The third main consideration relates to resolutions taken by the PCC. Although on paper they addressed Palestinians’ wishes, no one took them seriously because of a history of disappointments. These included a resolution “to terminate the obligations of the PLO and the Palestinian Authority of all agreements signed with Israel.” The PCC’s official communiqué added that the acceleration of Israel’s confiscation of Palestinian land also contributed to the above-mentioned decision. It added that Israel “is trying to obstruct the achievement of the independence and sovereignty of the Palestinian people on their land in accordance with the resolutions of international legitimacy.” Furthermore, the council “decided to suspend the recognition of the State of Israel until it recognizes the independent state of Palestine on the 1967 borders, with East Jerusalem as its capital, and the cessation of settlements.”

If acted upon, the resolution that reiterated the suspension of certain security coordination activities with Israel would have immediate repercussions on Israel-PA relations. The resolution emphasized the PLO’s rejection of economic initiatives and confidence-building measures with Israel that, at base, are meant to avoid a more permanent peaceful solution. It is worth recalling that the Palestinian National Council (PNC) passed a resolution in April 2018 to suspend all security coordination with Israel until Israel recognizes the Palestinian state.

What is noticeable about the language of the PCC official communiqué is the total commitment to the Oslo Accords, hence the absence of issues concerning the future of Palestinians outside the 1967 occupied territories, particularly refugees and Palestinians in the areas occupied and colonized in 1948. No policies are inferred from recent reports by Human Rights Watch and Amnesty International, which characterized Israeli policies in all of historic Palestine—the area between the Jordan River and the Mediterranean Sea—as apartheid.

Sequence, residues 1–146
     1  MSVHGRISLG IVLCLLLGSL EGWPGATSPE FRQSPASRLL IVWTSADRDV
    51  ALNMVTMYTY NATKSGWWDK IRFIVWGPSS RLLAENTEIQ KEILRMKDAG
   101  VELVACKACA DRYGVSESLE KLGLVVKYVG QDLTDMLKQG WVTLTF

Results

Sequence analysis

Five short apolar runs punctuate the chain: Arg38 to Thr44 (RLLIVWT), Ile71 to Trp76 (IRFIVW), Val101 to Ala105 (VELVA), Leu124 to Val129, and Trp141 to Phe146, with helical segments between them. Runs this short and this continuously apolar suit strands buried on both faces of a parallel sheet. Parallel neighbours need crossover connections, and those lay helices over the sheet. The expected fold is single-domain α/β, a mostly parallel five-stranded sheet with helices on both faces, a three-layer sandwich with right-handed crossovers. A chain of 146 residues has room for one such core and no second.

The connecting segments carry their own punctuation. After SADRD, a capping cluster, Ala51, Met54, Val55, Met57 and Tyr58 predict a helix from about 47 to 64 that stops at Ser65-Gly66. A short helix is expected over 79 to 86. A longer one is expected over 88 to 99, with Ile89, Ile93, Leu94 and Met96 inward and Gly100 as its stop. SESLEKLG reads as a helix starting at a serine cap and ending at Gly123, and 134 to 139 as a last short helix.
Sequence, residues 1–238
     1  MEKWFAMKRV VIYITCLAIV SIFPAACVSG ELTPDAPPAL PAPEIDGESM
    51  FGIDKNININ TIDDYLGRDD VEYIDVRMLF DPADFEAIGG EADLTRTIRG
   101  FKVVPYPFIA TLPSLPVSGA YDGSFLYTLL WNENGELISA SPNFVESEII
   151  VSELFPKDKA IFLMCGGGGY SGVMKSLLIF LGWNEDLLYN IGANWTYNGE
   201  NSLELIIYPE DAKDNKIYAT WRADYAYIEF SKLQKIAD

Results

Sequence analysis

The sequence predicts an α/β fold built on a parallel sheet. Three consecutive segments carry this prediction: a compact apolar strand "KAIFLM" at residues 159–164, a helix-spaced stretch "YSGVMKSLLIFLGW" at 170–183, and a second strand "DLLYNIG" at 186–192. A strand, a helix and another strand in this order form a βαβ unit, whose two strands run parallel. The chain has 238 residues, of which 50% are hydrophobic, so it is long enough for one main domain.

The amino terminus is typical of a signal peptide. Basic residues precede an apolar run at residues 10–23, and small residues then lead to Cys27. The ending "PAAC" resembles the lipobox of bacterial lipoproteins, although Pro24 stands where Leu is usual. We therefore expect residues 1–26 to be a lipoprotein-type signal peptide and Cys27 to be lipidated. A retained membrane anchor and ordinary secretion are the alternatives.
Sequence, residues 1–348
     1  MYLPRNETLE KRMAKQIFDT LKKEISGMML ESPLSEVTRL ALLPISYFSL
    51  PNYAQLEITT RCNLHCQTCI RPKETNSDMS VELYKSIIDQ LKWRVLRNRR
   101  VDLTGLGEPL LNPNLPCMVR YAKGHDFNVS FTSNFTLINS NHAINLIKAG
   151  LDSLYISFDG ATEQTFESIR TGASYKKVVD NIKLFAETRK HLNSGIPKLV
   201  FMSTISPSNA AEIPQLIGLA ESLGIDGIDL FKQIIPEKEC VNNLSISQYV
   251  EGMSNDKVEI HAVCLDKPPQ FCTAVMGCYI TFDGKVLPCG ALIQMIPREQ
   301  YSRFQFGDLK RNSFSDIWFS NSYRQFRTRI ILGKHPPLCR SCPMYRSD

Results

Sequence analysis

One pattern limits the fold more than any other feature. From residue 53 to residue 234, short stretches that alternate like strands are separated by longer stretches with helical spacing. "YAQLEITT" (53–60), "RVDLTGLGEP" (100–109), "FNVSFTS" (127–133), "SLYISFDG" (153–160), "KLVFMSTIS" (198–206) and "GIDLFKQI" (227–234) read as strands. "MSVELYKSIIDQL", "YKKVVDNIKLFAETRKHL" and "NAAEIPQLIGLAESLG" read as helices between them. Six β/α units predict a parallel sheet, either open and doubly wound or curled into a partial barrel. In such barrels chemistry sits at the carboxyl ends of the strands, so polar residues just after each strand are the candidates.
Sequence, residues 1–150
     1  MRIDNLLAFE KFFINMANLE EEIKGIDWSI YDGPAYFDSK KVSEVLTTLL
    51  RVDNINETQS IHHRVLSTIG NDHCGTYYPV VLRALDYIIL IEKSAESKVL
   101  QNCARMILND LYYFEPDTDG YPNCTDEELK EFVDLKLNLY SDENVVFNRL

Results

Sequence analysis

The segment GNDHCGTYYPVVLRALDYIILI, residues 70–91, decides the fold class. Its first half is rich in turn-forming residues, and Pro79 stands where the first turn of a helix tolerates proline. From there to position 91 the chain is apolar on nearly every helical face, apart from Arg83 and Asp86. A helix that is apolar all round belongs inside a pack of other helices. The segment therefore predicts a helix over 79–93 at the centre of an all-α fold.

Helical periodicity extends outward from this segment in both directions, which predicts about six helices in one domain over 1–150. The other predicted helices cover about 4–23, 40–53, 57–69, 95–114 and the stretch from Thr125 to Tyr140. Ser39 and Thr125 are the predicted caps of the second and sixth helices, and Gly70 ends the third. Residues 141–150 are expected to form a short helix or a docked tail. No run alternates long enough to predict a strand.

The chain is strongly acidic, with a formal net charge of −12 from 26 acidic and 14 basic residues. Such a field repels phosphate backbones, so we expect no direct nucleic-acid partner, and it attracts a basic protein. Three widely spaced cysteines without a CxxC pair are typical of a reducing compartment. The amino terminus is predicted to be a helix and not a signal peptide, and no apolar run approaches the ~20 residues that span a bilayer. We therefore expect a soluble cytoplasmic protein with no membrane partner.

Finally, the fact remains that resolutions presented by the February meeting of the PCC were passed by different Palestinian bodies (including the Executive Committee of the PLO) without any explanation or plans for implementation, and this generated the indifference characterizing the reception of these resolutions. Of equal importance is the fact that the resolutions are not taken seriously by Israel, regional actors, or the United States. This is why the PCC meeting and its outcome stirred little interest and no excitement among Palestinians, in the region, and internationally.

The delegation of PNC powers and functions to the PCC was seen as further evidence of the PA leadership’s marginalization of PLO institutions. This was illustrated by the fact that the PA filled vacancies with persons known for their support of the incumbent PA President Mahmoud Abbas, who is also the chairman of the PLO’s Executive Committee and leader of Fatah, the largest of the Palestinian factions. Therefore, many Palestinians expect the strengthening of the authoritarian tendencies in the PA and a repetitive surge of uprisings against both Israeli racist repression and discrimination and Palestinian authoritarian rule. These are likely to intensify as the issue of succession to Abbas becomes an urgent one, together with the ongoing political impasse.

Jamil Hilal

Sociologist at Birzeit University and a Senior Research Fellow at the Palestinian Institution for the Study of Democracy (Muwatin) in Ramallah, Palestine.